It expands the new Basic Needs Allowance from 130% of the federal poverty line as a baseline for help to 150%, and even higher in certain circumstances.

And along with reauthorization of a host of existing recruitment bonuses and specialty pays, the measure includes “targeted recruitment incentives to ensure the military can meet its recruiting and retention needs.”

Other priorities

The bill also pushes back against the Biden administration’s efforts to cancel the sea-launched cruise missile nuclear development program by authorizing its continuation.

The White House has argued that the move would undermine other missions of the attack submarine without doing much to enhance deterrence. But bipartisan opponents in both the House and the Senate have maintained it provides a low-yield and flexible option to fill a gap in the nuclear triad.

Beyond that, the bill authorizes $32.6 billion to increase the U.S. naval fleet, including for 11 battle force ships. For the Army, it also authorizes funding increases for the CH-47 heavy lift helicopter, the UH-60 Blackhawk medium lift helicopter and the MQ-1 Gray Eagle drone.

It also allocates $2.7 billion to procure new munitions. This is in part to backfill equipment sent to Ukraine but also designed to generally expand production capacity going forward.

Notably, it waives some restrictions for Pentagon contracts on munitions to Ukraine or to increase the Defense Department’s critical munitions stockpile.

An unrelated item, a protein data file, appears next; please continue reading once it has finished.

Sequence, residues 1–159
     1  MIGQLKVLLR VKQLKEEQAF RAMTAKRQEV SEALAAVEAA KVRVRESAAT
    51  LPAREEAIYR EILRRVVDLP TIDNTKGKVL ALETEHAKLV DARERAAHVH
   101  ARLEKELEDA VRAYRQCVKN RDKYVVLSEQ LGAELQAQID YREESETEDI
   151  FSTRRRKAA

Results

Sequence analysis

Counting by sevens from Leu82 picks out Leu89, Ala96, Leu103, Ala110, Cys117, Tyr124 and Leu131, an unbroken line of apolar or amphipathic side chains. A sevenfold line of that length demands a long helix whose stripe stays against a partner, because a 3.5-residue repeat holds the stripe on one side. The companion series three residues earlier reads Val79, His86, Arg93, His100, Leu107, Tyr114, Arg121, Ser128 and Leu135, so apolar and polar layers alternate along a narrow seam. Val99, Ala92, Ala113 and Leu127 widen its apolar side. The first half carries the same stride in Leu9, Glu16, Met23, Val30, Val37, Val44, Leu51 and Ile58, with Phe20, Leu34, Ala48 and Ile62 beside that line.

And the measure provides $1 billion to more than double the National Defense Stockpile — the U.S. strategic reserve of critical minerals — after years of depletion, highlighting congressional efforts to decrease Chinese influence in the U.S. defense supply chain.

The bill also authorizes funding for five more F-35A aircraft as well as F-22 modernization. It does allow the Biden administration to proceed with plans to retire the A-10 aircraft, a move that Congress has long opposed.

Even with apparent agreement on the authorization bill, lawmakers will still need to pass an appropriations bill for fiscal 2023 in order for the Defense Department to get and spend the money outlined in the $817 billion policy measure. Government agencies have been operating off a temporary budget since Oct. 1, the start of fiscal 2023.

The House and Senate have until Dec. 16 to pass a full year budget or another budget extension or risk a partial government shutdown. Chamber leaders have said they are hopeful to announce a compromise on those spending issues in the next few days.

Leo covers Congress, Veterans Affairs and the White House for Military Times. He has covered Washington, D.C. since 2004, focusing on military personnel and veterans policies. His work has earned numerous honors, including a 2009 Polk award, a 2010 National Headliner Award, the IAVA Leadership in Journalism award and the VFW News Media award.

Bryant Harris is the Congress reporter for Defense News. He has covered U.S. foreign policy, national security, international affairs and politics in Washington since 2014. He has also written for Foreign Policy, Al-Monitor, Al Jazeera English and IPS News.